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Monday, May 21, 2012 - Canvassed | Art & culture

From a father/son art exhibition to a new coffee spot

Our weekly Red List roundup

By CityBeat Staff
lecorbeau Doree by Le Corbeau

Digable art

Some fathers and sons bond over restoring old cars in the garage or talking baseball while watching a game. Roger and François Guillemin have a more highbrow approach to quality father/son time. Both men are accomplished artists and, for the first time ever, will be exhibiting their distinctinve work together in Roger Guillemin & Le Corbeau: Father & Son, which opens Friday, May 25, in the Joseph Clayes III Gallery at the Athenaeum Music & Arts Library (1008 Wall St. in La Jolla). Each man works in different media. Roger is considered a pioneer in digital art and will be presenting numerous prints that range from abstract to impressionist in style, while François is a surrealist sculptor ("Doree" shown here) who uses bronze as his material of choice. This exhibition is a peek into the interesting work of both men and how son was ultimately influenced by father yet was able to carve out a style all his own. The opening reception is free and goes from 6:30 to 8:30 p.m., with the works on display through June 16. Afterward stop by the Main Reading Room for an exhibition of prints by Brigitte Feucht.

Digable drinks
"Mildly dry, with soft fruit notes," "Full-bodied, rich with a sweet cream and melon note." Sound like wine descriptions, right? Nope. Sake. If your experience with the Japanese fermented-rice beverage is limited to saying "hot" or "cold" when you order it at your fave sushi spot, give Gaijin Noodle + Sake House's (627 Fourth Ave., Downtown) sake flight a try. For $10, pick three from among the newish restaurant's top-flight sakes, like Ichishima Silk Deluxe, with a finish flavor that's "akin to cotton candy or a powedered sugar doughnut" or Cranes of Dewatsuru. Described as a "sake drinker's sake," it's priced at $125 a bottle. In other words, while we can't guarantee you'll leave Gaijin a sake expert, we can guarantee that you'll not wake up the next morning with a gnarly cheap-sake hangover.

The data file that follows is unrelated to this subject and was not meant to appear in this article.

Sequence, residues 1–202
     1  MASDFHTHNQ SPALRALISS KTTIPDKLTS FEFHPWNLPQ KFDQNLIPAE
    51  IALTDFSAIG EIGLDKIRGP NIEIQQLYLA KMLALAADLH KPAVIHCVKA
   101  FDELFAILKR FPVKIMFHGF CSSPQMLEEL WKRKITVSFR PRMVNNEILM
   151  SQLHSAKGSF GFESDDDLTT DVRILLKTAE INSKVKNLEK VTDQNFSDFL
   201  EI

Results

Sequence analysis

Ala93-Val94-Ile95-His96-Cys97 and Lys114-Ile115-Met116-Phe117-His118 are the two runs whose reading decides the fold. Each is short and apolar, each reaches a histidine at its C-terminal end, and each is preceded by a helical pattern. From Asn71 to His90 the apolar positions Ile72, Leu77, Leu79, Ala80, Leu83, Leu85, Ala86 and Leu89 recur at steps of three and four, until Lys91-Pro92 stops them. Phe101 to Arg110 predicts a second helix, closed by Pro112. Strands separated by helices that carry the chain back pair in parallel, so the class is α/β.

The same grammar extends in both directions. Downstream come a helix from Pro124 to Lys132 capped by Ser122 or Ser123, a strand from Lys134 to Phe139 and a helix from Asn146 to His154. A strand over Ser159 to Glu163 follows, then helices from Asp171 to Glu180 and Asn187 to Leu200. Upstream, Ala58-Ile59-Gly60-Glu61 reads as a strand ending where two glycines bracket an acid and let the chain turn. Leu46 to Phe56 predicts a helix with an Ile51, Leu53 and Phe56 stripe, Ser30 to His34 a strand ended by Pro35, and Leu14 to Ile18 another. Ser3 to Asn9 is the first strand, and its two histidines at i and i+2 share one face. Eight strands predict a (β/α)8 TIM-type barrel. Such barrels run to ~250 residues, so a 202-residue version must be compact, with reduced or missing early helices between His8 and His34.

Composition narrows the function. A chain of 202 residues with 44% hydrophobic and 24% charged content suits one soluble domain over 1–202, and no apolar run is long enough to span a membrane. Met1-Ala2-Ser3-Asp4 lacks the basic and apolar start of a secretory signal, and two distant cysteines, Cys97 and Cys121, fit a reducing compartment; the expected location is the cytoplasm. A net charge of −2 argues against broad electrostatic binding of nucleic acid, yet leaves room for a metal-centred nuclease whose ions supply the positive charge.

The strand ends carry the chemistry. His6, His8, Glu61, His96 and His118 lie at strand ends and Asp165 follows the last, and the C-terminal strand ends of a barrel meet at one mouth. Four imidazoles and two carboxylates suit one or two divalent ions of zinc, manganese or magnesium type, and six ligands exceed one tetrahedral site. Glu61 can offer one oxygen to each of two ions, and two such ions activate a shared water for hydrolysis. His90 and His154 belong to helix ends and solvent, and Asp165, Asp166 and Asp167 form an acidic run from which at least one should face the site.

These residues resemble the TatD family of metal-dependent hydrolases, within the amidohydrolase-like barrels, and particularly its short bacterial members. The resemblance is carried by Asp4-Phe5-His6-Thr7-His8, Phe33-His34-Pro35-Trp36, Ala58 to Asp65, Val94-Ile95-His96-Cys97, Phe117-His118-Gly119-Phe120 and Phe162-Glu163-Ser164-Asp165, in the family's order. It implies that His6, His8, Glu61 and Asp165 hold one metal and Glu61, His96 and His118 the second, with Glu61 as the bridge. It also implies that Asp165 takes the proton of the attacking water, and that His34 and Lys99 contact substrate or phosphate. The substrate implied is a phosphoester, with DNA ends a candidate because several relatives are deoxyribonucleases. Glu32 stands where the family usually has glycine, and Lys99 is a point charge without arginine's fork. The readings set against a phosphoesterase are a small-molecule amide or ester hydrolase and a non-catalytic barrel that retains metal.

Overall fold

Digable music
Summertime… and the living is easy if you’re a jazz cat. This weekend you’ve got options on the east side and the west side, starting with an early celebration of Miles Davis’ birthday on Friday, May 25, at McCrea Music Company (8361 Allison Ave. in La Mesa). The versatile Miles-o-philes in the ESP Quintet will take the stage for a rare, all ages performance. The show starts at 8 p.m., with a $15 cover. Then, on Sunday, May 27, everyone who’s anyone in the local scene will be at Tango Del Rey (3567 Del Rey St. in Bay Park) to pay tribute to San Diego’s jazz legends, including Daniel Jackson (pictured, photo by Angela Carone), a septuagenarian tenor saxophonist whom we’ve described as on par with John Coltrane. The 8 p.m. show is also all-ages, with a $20 cover. Both shows are put on by Dizzy's.

Digable beans

Among the posts on Coffee & Tea Collective's blog is this simple one-liner: "Don't settle for bad coffee." With the mission, then, of bringing good coffee to San Diego, owner Daniel Holcomb opened up shop last week at 2911 El Cajon Blvd. in North Park. The menu is straightforward with no fancy coffee drinks or blends; beans comes from the usual coffee-famous countries like Brazil and Colombia, but also lesser-known coffee spots like Rwanda and Papua New Guinea. And, the new shop, with its clean, minimal design and lighting by Typewriter Boneyard is a welcome addition to the Boulevard.